Shelters overflow with homeless, jobless

Local experts say Franklin County needs another facility to house those in need

By Lindsey Erdody Published:

Women’s Shelter Director Josie Kirker underestimated the need for emergency shelter this year.

When the shelter is full and women still need somewhere to go, Kirker tries to pay for a hotel room for a night. She reserved $2,900 in this year’s budget for overflow emergency shelter.

But the shelter has been full for months. So far this year, Kirker has spent $4,985 for overflow housing.

“Just the need this year, for some reason, seems to be higher and higher,” she said.

There are 30 beds available for homeless adults in Franklin County. Some are specifically designated for transitional housing, while others are meant for emergency shelter.

Emergency shelter is defined as 30 days or less, while transitional housing can vary in length of time and is meant to help people with long-term housing needs.

Only 14 of those beds are specifically for emergency shelter, and this has caused the few shelters available to be overloaded with requests in recent months. The shelters are trying to accommodate everyone who needs help, but limited space and funding makes it difficult.

Currently, there are four housing options for homeless people in Franklin County:

>Simon House for women with children or pregnant women

>Women’s Shelter for women with or without children

>Access Soup Kitchen and Men’s Shelter for men ages 18 and older and

>The safe house from the Franklin County Council on Family Abuse for domestic violence victims.

Simon House and the safe house are only for transitional housing, and the Women’s Shelter fluctuates on how many of its beds are for emergency and how many are for transitional housing.

There is no family housing option.

Among the four shelters, there are 30 beds for adults, but the Women’s Shelter has an additional three beds for children, and the men’s shelter can make room for up to eight more.

Volunteers of America closed its Frankfort transitional living program in July, which lost another four units that were meant for women ages 16 to 21 who were pregnant or had children.

There are other housing options in nearby counties and cities, but for many, getting one of the 30 beds in Frankfort is the only option.

No vacancy

With less than four months left in the year, the Women’s Shelter has already surpassed the number of women it helped in 2011.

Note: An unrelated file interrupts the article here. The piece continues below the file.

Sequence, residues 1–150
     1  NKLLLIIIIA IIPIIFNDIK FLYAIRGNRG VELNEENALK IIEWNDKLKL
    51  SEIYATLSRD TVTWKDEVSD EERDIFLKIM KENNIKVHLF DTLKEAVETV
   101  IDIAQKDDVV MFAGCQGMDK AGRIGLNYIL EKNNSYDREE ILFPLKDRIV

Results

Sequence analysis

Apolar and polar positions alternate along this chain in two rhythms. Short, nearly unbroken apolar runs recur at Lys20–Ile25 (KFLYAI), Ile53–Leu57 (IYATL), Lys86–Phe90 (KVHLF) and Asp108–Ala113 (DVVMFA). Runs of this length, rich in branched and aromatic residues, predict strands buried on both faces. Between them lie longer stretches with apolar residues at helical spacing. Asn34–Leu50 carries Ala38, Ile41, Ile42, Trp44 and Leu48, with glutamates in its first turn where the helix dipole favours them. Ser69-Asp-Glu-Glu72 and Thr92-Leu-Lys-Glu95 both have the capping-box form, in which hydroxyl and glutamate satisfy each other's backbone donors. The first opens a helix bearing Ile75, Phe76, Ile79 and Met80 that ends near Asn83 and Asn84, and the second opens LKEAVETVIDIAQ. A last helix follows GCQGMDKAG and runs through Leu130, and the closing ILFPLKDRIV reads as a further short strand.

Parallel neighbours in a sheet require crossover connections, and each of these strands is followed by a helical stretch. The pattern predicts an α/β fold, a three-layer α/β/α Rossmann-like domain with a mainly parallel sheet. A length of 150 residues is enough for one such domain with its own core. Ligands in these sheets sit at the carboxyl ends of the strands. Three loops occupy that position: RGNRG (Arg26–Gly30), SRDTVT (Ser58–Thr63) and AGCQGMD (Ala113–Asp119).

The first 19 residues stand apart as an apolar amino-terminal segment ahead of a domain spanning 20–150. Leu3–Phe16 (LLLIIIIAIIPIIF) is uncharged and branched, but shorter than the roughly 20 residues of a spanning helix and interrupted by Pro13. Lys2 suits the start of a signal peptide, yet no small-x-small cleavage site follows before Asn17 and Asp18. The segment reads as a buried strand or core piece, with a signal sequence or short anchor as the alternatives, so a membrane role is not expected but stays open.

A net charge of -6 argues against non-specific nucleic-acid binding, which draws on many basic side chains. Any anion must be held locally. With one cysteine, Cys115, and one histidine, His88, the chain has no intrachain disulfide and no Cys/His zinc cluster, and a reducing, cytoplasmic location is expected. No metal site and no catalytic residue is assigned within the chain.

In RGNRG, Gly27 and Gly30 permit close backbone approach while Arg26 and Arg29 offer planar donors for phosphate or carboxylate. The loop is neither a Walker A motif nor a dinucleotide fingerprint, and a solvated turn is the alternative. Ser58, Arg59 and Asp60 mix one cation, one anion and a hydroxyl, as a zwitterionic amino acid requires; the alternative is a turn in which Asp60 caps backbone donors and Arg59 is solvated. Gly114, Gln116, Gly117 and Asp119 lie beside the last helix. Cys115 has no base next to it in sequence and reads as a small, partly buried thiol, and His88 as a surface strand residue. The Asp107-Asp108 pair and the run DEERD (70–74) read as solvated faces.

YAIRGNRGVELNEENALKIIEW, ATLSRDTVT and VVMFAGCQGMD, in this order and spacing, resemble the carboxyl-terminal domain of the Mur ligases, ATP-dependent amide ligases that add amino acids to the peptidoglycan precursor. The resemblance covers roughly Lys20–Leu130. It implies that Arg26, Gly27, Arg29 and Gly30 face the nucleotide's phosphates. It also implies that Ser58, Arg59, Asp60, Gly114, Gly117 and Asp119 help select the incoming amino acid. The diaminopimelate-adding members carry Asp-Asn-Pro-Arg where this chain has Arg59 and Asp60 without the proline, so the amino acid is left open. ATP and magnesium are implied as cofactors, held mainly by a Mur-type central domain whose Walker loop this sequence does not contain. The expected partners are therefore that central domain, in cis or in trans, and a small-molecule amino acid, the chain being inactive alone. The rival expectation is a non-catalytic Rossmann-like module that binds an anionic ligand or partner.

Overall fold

Last year, the emergency shelter served 148 women and kids. So far this year, it has housed 154.

The shelter also provides a transitional living program, which has seen an increase, as well. In 2011, 37 women and children were involved with the program. The number this year is 53.

For the transitional housing program, women can stay at the shelter for up to one year.

The last time the Women’s Shelter had empty beds was in January.

Simon House Executive Director Pamela McCalla said its transitional living program hasn’t had a vacancy for longer than two weeks for about two years. And usually those two weeks are used for cleaning.

McCalla said the Simon House is trying to expand to provide some beds for emergency shelter, but the funding isn’t there yet.

Some months, the shelter receives as many as 43 phone calls about emergency housing. She said on average, it’s a phone call per day with someone seeking shelter. She now has five on her waiting list to live in the house.

Women can stay at the Simon House for up to 24 months. During their stay, they look for jobs and try to find permanent housing.

Access Executive Director Andrew Baker said the number of men the shelter houses fluctuates throughout the month, but on average, it’s 10 to 12 men every night for the 12 beds available. The highest has been 15.

Men can stay there for up to 30 days, with some exceptions, like if they need a few more days to get a paycheck or move into an apartment. Baker said he doesn’t count winter days when the temperature is below freezing.

As of Aug. 23, 149 men stayed at the shelter this year. About 30 were repeats.

No jobs, no housing

While the leaders of these shelters will admit there are drug users and people who are abusing the system, they say a big reason for the problem is the lack of jobs or only low-paying jobs available.

According to a report by the National Low Income Housing Coalition, a family in Franklin County must earn $24,360 annually in order to afford a modest rental home. The average wage in Kentucky for a renter is $10.76 per hour, or $22,380 annually for 40 hours per week for 52 weeks.

That rate is still higher than minimum wage in Kentucky, which is $7.25 per hour, or $15,080 annually for a full-time job.

Baker said most of the men at the shelter could only find minimum wage jobs, meaning they have to get multiple jobs to afford rent.

To pay rent on minimum wage, someone would have to work 65 hours per week for 52 weeks per year, according to the report.

“Minimum wage is not a living wage,” Baker said. “You can’t afford to pay rent.”